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Polegonardo Charly

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Date Minted: January 4, 2020

Artist Description: Generative art made by DADAGAN, a model trained by Alexander Reben with Dada's unique drawings dataset.

CohentheWriter’s Commentary:

Generative art which rushes madly towards the uncanny valley, Polegonardo Charly, is the product of an AI (designed by Alexander Reben) trained on god-knows-how-many drawings from DADA’s legendary visual conversations. That an AI could construct a piece of this emotional complexity is wildly impressive (even if it’s the product of an abject accident; who’s to say?), but whether that says more about Reben’s algorithm or the quality of DADA’s dataset is TBD. But stop and think of what we’re looking at here: an AI, even one trained on totally hand-drawn data, is without personal knowledge of emotion, humanity, or communication even, and yet it constructs this haunting, owl-eyed image of a man. There’s much to unpack here. And what better entry-point than the image’s title, Polegonardo Charly itself. Confirmed after a bit of research, no, this is not a real name, which seems obvious in hindsight…it’s just a tad too ridiculous. But it seems juuuuuust close enough to keep you unsure. And this piece unfurls itself in just the same way. 

Polegenardo Charly is a face. Charly’s, his crestfallen expression and his hair, and his shoulders puffing out against a brown shirt. In that bizarre way characteristic of so much AI-generated art, there is a strange pattern of lines and colors composing the face itself, overlapping strings that appear almost like brushstrokes, and rainbow colors coalescing pixel-by-pixel into darker, more stolid hues. The physical face itself, poor Charly, looks deeply distressed. If he was meant to have whites in his eyes, they’re barely here, his corneas instead colored by browns and reds, with pupils that can’t completely give themselves over to blackness. He looks troubled, wide-eyed, smooth-lipped. He could just as easily be about slipping a switchblade into your kidney as he might be readying to light a bong. That ambiguousness is central. As is the concerning level of barely-restrained passivity we can read on his face, emotions unshown but slithering under the surface. And all of this in shades of white, black, and brown; it breeds unconscious images of disease, feces, crackhouses, tweakers.

Think about what you’re seeing: This is not a human as seen by a machine, but a human as seen by many humans as then subsequently seen by a machine. Not a human as captured by a machine, but a drawing of a human face, informed by so many drawings of human faces beforehand, that this machine believes is as near to the real thing as possible, at least according to the inputs fed it. However realistic this angst-addled man seems to us, Reben’s AI has deemed it acutely human. A best effort. To a machine, this is a triumph, a perfection. Look into those dire white eyes. Look at that melty, veiny skin. Look at the wavy hair, clumped like kelp, hair like beams of light, hair that looks like roils of filthy water crashing on beach sand. That’s what the computer thinks we are.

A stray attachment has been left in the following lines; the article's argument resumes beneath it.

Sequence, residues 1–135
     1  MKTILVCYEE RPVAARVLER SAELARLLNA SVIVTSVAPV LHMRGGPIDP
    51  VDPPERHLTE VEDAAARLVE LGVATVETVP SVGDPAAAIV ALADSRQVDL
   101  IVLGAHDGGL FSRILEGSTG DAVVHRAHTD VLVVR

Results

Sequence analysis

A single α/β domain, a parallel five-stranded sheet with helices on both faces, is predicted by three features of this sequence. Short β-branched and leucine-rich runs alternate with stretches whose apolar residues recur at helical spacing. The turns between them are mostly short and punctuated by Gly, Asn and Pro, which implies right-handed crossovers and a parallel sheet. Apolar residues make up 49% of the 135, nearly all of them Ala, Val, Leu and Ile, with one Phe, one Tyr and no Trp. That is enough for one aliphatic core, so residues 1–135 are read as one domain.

Polegonardo Charly makes me deeply uncomfortable, and I can’t be certain why. After all, this is just a face, and all it’s doing is staring forward from the confines of its frame, not betraying any particular emotion, not constructed in any particularly demented ways —though perhaps a bit oblong and off-color— but by all reasonable metrics a seemingly-acurate, if not highly-sylistic, portrayal of a human face. So why does it seem so wrong? 

If you haven’t already, open Charly to full-screen and give its many facets each a moment of your time. Really focus on the hair, the texture of the skin. Make sure to look carefully at the eyes and the mouth, and the way the chin descends cliff-like onto the chest. Think for a moment about the colors used, salmon lips and whatever greenish-brown color you’d like to use to describe the shirt our dear Charly wears. If you’re squeamish, don’t spend too much time examining his ears. If you’re antsy about interlocking lines, avoid this man’s eyebrows.

Here is the thematic fulcrum of Generative Art, and why, upon further reflection, it’s so strikingly odd: none of what you see here is legitimate; it is all an attempt at imitation. Imitation of brushstrokes and color palettes and stylistic artistic techniques. As mentioned, this is a machine’s attempt to capture an artist’s attempt to capture a person. That’s three levels of mimesis we’re witnessing! 

If we identify a deep mental anguish in Charly’s eyes, then, well, where does that come from? If an artist paints a picture of a man, and the man has a deep mental anguish, and the subsequent portrait’s eyes communicate that anguish as well, we can glean what the artist is trying to represent. But this was a piece made of many other pieces, an imitation of many many previous imitations. How much mental anguish did this AI have to see, and in how many different forms? How much mud-dauber hair was it exposed to before deciding, somewhere in its code, to cover Charly’s forehead in dense thickets of stringy locks?

Every time I look into this beautifully, artistically-composed, AI-generated face, built by something that understands us only aesthetically, I find myself asking questions like: Are we humans so easily captured? Are our innermost emotions so easily put through a processor and understood? And is that good or bad?

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